I would also suggest looking at what other priorities you might have.  Most specifically, are kids in your future?  They can be costly little buggers -- they don't have to be the $250K over 18 years that the media portrays, but when your 4% calculation requires sticking to your current budget, any increase can be problematic.  So if that is the case, then you might already have to work a little longer to build your 'stache to cover those future expenses, which means a new house will push out your working life even longer.

In the end, I'd be a little concerned that cutting your earnings and increasing your expenses at the same time is pretty damn risky.  So why not do one or the other?  Quit now, see if there is part-time work that you guys both want that is bringing in what you want to, see how happy you are in your current place and with the amount/type of work you're getting.  And if the plan is working and you still want a bigger place in a year or two, well, your 'stache will be in even better shape to help you get that -- and your decision will be grounded in the knowledge that you're still happy to work that much and will be able to cover the increased costs without any problem.  Or decide the house is a higher priority, buy it now, and then plan to stay at your current jobs for another couple of years while you figure out how much your expenses actually increase -- and use those full-time salaries to keep socking away massive amounts of $$$ until you reach the new level that you need.

Thank you for your perspective! I think you're mostly right that we are deciding whether to trade away our financial freedom for luxury. In her case, she feels like she's only 29 and doesn't want to stop working forever yet, and would keep up with part time remote work even if she didn't have to financially.

Definitely decided no kids.

And just to clarify, both of us have already left full time work. It is ironic to be upsizing right when our income has gone down, but that's where we find ourselves. We have this amazing juncture when we get to decide what kind of life we want to lead, and are making a bet on the future. Worst case, of course, is that we sell and downsize in the future to a m- or lcol area and eat the transaction costs.

diffusate

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Re: Upgrading instead of downgrading - can you talk us out of it?
« Reply #17 on: May 17, 2019, 10:42:13 AM »
Just wanted to share an update with you all: I think the reason I posed here was that I didn't really feel comfortable with spending $750k on a house. We kept looking, and actually found a place we are super excited about for $480k. Needs some cosmetic upgrades and has some minor issues and doesn't have a view, but has an awesome .25 acre lot, a huge shop, and a lot of charm. It's only 10-15 minutes from downtown.

We're super excited, and in final stages of negotiation. Wish us luck!

John Galt incarnate!

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Re: Upgrading instead of downgrading - can you talk us out of it?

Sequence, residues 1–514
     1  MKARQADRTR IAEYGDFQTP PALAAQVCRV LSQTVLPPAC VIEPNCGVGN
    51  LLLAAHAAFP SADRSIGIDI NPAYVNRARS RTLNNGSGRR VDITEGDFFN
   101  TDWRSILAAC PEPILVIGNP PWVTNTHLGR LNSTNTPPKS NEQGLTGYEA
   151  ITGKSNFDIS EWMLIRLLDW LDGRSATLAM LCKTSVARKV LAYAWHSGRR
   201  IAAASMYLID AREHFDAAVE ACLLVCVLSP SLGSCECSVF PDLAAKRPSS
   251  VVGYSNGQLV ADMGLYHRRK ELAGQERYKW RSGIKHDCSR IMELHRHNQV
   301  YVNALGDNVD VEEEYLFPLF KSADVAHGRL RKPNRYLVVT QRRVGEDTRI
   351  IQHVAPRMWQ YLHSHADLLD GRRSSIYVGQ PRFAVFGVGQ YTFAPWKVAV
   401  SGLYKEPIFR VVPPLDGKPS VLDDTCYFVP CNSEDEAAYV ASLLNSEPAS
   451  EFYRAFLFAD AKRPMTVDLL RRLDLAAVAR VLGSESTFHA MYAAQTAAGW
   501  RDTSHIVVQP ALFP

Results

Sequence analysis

« Reply #18 on: May 17, 2019, 11:21:30 AM »


 I think you're mostly right that we are deciding whether to trade away our financial freedom for luxury.


I'm a FIREee.

My FIRE objective was always to have maximum free time as soon as possible.

Therefore, I would never  choose  to trade  financial freedom  for  luxurious things because the luxury of free time is most valuable to me.


John Galt incarnate!

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Re: Upgrading instead of downgrading - can you talk us out of it?
« Reply #19 on: May 17, 2019, 11:38:36 AM »
Just wanted to share an update with you all: I think the reason I posed here was that I didn't really feel comfortable with spending $750k on a house. We kept looking, and actually found a place we are super excited about for $480k. Needs some cosmetic upgrades and has some minor issues and doesn't have a view, but has an awesome .25 acre lot, a huge shop, and a lot of charm. It's only 10-15 minutes from downtown.

We're super excited, and in final stages of negotiation. Wish us luck!


I think the house priced @ $480k is the better  choice.

The $270k price difference is significant especially if you can invest it.

Good luck!

MonkeyJenga

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Re: Upgrading instead of downgrading - can you talk us out of it?
« Reply #20 on: May 17, 2019, 06:43:21 PM »
Thanks for the update! Glad you were able to find a cheaper house that you're happy with.

DoNorth

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Re: Upgrading instead of downgrading - can you talk us out of it?
« Reply #21 on: May 18, 2019, 09:47:34 AM »
when confronted with this dilemma in 2014, we decided to sell our house in HCOL and build our own dream house in LCOL near family, many new friends and a lot more things that closely align with our values.  don't regret it for a second.